Mobility of an axisymmetric particle near an elastic interface
Journal of Fluid Mechanics
Cambridge University Press
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Daddi-Moussa-Ider, A., Lisicki, M., & Gekle, S. (2017). Mobility of an axisymmetric particle near an elastic interface. Journal of Fluid Mechanics, 811 210-233. https://doi.org/10.1017/jfm.2016.739
Using a fully analytical theory, we compute the leading-order corrections to the translational, rotational and translation–rotation coupling mobilities of an arbitrary axisymmetric particle immersed in a Newtonian fluid moving near an elastic cell membrane that exhibits resistance towards stretching and bending. The frequency-dependent mobility corrections are expressed as general relations involving separately the particle’s shape-dependent bulk mobility and the shape-independent parameters such as the membrane–particle distance, the particle orientation and the characteristic frequencies associated with shearing and bending of the membrane. This makes the equations applicable to an arbitrary-shaped axisymmetric particle provided that its bulk mobilities are known, either analytically or numerically. For a spheroidal particle, these general relations reduce to simple expressions in terms of the particle’s eccentricity. We find that the corrections to the translation–rotation coupling mobility are primarily determined by bending, whereas shearing manifests itself in a more pronounced way in the rotational mobility. We demonstrate the validity of the analytical approximations by a detailed comparison with boundary integral simulations of a truly extended spheroidal particle. They are found to be in a good agreement over the whole range of applied frequencies.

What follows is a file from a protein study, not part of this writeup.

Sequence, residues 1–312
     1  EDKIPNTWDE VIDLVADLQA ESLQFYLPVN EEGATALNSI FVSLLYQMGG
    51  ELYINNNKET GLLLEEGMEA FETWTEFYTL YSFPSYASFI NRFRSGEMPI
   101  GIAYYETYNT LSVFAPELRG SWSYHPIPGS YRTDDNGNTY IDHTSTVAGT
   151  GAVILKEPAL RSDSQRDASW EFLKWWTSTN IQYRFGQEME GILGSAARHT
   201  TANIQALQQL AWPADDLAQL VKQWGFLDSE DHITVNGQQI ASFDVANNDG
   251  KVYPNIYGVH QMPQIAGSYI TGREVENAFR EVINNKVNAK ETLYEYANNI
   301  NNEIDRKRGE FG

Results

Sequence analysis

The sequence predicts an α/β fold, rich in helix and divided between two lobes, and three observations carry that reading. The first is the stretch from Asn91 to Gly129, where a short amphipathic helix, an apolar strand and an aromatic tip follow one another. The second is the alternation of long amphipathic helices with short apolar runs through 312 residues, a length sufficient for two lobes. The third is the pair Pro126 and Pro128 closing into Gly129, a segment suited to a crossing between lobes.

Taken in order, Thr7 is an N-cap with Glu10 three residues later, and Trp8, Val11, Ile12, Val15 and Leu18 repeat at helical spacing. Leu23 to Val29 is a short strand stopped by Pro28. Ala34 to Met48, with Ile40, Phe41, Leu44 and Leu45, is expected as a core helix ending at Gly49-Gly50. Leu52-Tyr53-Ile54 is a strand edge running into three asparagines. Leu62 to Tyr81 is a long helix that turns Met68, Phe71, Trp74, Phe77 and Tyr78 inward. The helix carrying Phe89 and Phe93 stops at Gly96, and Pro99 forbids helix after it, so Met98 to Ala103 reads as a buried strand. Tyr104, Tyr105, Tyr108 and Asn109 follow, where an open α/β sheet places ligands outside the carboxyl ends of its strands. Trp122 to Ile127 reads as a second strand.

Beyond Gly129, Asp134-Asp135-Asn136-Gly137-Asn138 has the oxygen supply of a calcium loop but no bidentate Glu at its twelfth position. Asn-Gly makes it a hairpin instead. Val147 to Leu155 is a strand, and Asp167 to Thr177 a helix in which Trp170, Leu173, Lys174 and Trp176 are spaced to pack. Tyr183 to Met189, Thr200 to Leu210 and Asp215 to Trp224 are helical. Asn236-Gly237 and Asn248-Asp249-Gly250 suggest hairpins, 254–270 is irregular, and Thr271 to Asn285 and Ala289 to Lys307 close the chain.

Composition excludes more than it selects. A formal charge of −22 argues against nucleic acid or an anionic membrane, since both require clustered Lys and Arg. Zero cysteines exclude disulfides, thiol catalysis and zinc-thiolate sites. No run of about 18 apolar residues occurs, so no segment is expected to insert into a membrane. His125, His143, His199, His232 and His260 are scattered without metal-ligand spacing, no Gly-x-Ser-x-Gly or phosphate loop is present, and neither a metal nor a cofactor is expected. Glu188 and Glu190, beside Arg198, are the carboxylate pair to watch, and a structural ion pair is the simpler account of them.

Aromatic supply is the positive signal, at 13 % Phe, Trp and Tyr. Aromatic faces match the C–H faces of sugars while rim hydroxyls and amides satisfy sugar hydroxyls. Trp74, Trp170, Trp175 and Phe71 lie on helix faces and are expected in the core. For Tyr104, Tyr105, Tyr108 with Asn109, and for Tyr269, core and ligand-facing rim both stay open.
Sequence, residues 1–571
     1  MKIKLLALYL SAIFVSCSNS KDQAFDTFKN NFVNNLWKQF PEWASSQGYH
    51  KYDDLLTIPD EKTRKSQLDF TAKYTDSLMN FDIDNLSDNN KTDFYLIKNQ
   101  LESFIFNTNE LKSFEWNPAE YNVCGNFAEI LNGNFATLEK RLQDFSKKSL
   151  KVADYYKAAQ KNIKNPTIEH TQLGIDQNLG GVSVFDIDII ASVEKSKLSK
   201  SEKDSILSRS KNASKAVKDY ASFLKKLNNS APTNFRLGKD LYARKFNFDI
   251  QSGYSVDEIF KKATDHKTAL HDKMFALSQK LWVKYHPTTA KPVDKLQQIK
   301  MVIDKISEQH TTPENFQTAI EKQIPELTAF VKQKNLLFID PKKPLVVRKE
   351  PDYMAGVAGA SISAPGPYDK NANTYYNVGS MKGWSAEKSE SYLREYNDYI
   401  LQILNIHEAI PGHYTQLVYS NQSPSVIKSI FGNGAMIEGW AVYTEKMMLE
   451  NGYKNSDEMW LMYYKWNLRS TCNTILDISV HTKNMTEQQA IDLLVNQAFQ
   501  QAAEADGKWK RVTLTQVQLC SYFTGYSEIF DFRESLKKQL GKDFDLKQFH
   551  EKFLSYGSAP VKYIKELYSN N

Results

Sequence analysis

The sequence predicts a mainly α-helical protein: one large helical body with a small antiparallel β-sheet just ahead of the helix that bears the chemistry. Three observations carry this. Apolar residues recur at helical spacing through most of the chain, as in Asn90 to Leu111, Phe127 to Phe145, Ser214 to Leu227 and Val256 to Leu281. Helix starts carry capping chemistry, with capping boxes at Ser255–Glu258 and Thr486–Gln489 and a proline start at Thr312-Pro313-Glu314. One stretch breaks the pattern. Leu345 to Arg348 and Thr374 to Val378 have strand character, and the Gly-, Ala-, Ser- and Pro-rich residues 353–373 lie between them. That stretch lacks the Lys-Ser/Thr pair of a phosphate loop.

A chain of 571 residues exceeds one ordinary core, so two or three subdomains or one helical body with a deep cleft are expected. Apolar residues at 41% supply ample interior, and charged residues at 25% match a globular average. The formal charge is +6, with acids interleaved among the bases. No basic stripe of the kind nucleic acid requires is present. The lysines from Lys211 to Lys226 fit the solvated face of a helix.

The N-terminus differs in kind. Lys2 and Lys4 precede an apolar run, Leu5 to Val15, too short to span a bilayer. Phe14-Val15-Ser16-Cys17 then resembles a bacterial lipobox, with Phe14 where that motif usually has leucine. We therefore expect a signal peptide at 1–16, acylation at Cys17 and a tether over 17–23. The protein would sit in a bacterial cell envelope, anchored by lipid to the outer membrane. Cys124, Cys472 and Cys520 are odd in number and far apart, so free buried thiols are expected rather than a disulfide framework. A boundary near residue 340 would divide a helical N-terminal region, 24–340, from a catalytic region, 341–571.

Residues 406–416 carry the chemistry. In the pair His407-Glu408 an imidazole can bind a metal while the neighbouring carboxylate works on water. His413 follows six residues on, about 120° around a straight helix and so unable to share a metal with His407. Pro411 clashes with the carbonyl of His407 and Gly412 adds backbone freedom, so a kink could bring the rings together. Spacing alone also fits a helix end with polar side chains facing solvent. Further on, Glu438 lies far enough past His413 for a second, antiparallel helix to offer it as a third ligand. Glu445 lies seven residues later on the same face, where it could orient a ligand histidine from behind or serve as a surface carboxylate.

biological fluid dynamics, blood flow, capsule/cell dynamics, membranes
A.D.-M.-I. and S.G. thank the Volkswagen Foundation for financial support and acknowledge the Gauss Center for Supercomputing e.V. for providing computing time on the GCS Supercomputer SuperMUC at Leibniz Supercomputing Center. This work has been supported by the Ministry of Science and Higher Education of Poland via the Mobility Plus Fellowship awarded to M.L. This article is based upon work from COST Action MP1305, supported by COST (European Cooperation in Science and Technology).
External DOI: https://doi.org/10.1017/jfm.2016.739
This record's URL: https://www.repository.cam.ac.uk/handle/1810/262298